NEW DELHI, March 30: Indian Petroleum Minister Mani Shankar Aiyar has suggested routing the 4.16-billion dollar Iran-India gas pipeline through thickly populated areas of Pakistan to minimise the risk of a terrorist attack , an Indian news report said on Wednesday. Zee news TV channel quoted Indian petroleum ministry sources as saying the 2600 km pipeline was planned to be completed by 2010. Mr Aiyar has suggested that gas should move along the Makran coast, past Gwadar, through Hub Chowk, into Karachi and beyond to Umarkot and from there to Munnabao crossing in Rajasthan, according to his ministry officials. They were quoted by Zeenews as saying that an agreement with Tehran for delivery of Iranian gas at a point on the Indian border is likely to be inked when Mr Aiyar visits the Islamic Republic in June. Iran would enter into a separate agreement with Islamabad for the 760-km transit through Pakistan. Project consultants BHP Billiton had previously suggested that the gas move from Multan to a point somewhere near Jaisalmer. But Mr Aiyar feels that this should change considering that there is little population along that route, rendering the pipeline vulnerable to terrorist threats. Mr Aiyar is also visiting Islamabad in second half of May to chalk out transit modalities, including the transit fee to be paid to Pakistan for using its territory for transmission of gas, the news channel said.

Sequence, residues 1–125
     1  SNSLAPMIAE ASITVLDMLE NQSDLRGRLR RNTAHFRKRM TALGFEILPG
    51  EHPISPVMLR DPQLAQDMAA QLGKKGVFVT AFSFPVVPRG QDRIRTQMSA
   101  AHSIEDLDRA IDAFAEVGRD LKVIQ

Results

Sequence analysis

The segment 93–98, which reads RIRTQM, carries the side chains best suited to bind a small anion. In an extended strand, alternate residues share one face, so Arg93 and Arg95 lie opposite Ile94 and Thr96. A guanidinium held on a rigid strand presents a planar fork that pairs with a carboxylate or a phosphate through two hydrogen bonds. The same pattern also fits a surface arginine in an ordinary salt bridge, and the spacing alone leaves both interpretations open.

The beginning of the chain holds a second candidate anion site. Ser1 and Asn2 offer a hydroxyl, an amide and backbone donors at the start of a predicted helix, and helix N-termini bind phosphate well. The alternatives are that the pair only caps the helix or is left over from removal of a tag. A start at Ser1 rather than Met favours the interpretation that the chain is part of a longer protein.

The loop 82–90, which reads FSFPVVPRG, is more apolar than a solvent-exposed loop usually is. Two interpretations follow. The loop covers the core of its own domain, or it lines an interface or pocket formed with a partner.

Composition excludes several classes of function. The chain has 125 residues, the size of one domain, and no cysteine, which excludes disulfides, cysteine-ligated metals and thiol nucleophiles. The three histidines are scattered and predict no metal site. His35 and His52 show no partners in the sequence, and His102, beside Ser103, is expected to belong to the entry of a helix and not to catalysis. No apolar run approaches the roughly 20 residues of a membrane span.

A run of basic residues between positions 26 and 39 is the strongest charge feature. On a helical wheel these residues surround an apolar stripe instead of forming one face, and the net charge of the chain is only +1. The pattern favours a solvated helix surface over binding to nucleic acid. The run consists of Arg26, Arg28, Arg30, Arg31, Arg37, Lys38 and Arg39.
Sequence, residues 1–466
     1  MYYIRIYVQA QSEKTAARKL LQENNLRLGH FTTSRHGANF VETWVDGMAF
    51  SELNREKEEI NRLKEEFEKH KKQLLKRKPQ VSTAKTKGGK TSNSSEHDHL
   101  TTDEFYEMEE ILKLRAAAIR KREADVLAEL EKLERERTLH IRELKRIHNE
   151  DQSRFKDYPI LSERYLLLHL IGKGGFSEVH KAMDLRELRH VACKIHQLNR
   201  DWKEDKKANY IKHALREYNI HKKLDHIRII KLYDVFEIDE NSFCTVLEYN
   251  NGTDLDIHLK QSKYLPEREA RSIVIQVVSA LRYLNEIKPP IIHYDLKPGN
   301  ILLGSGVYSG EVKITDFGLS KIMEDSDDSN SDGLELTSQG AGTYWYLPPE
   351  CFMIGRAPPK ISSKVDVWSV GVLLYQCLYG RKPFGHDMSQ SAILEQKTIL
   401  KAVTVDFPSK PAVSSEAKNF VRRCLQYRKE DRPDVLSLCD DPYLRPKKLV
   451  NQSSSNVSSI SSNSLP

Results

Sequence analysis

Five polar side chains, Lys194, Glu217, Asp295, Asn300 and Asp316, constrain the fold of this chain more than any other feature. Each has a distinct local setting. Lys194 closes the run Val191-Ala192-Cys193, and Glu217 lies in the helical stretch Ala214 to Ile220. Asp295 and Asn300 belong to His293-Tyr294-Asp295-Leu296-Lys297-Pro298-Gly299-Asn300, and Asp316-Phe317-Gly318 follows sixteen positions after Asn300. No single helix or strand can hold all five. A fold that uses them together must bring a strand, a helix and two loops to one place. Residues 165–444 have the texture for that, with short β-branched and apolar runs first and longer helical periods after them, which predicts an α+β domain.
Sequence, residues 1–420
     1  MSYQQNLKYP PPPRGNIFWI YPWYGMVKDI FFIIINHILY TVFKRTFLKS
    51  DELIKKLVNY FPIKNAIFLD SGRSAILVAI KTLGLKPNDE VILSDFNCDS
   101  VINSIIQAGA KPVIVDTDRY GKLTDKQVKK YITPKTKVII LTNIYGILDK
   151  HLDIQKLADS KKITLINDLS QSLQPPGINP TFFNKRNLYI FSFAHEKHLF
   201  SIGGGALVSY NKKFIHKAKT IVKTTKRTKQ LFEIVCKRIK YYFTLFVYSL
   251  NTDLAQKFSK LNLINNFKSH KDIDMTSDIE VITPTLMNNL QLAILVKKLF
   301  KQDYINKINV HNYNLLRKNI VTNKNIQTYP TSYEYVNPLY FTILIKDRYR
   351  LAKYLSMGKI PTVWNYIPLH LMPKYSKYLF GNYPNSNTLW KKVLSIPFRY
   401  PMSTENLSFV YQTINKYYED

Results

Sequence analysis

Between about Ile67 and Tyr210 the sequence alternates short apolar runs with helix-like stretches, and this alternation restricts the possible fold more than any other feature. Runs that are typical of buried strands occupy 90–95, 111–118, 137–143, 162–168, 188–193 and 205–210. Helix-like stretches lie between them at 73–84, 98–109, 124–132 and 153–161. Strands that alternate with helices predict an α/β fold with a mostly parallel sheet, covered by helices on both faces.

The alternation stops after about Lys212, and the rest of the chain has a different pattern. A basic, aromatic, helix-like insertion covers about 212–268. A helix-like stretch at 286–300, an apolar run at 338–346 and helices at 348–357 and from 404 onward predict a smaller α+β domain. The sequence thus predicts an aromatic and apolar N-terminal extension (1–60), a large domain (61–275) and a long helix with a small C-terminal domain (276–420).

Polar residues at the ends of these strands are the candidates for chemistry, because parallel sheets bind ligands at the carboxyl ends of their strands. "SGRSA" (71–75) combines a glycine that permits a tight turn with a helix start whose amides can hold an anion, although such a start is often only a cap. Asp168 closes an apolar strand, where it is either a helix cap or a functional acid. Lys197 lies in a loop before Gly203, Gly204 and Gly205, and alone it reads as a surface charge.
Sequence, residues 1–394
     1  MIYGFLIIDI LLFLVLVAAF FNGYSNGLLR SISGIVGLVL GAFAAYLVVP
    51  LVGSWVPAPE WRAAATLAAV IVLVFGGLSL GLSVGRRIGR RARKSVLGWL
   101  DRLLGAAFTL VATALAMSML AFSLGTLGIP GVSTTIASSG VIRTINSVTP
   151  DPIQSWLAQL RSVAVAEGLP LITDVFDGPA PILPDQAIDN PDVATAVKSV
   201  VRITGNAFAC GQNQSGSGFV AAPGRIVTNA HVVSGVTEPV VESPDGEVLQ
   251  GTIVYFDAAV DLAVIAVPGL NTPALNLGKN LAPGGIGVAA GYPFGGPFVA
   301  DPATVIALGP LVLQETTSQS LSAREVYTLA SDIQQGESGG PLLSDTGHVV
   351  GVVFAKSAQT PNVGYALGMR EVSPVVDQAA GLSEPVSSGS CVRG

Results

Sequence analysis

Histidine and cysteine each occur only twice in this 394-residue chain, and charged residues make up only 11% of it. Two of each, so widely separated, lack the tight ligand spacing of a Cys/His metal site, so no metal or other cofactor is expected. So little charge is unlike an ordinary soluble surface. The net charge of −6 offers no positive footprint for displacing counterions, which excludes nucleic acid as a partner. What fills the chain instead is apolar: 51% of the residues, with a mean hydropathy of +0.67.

Wednesday, March 30, 2005

Hassan Abbas's comment on my post about his book


I hope you will be enlightened by his comments too.
Hassan Abbas said... As we say in Urdu: "Umed pay dunia kaaem".
Yes, Pakistan has every potential to become a truly democratic state. As far as signs are concerned, they are not good given Pakistan military's entrenched position in the country and its corporate interests but I believe sooner or late it will be realized in Pakistan that its very existence depends on its capability to transform into a democracy. We lost half of the state in 1971 primarily due to Pakistani establishment's refusal to hand over power to the democratically elected leader Mujib ur Rahman.
And in my humble view, the path towards democracy is linked to strengthening of civil society in Pakistan as well - people have to stand up and challenge the autocratic tendencies of Pakistan's military, bureaucratic and political elite on one hand and expose the true face of Pakistani mullahs on the other.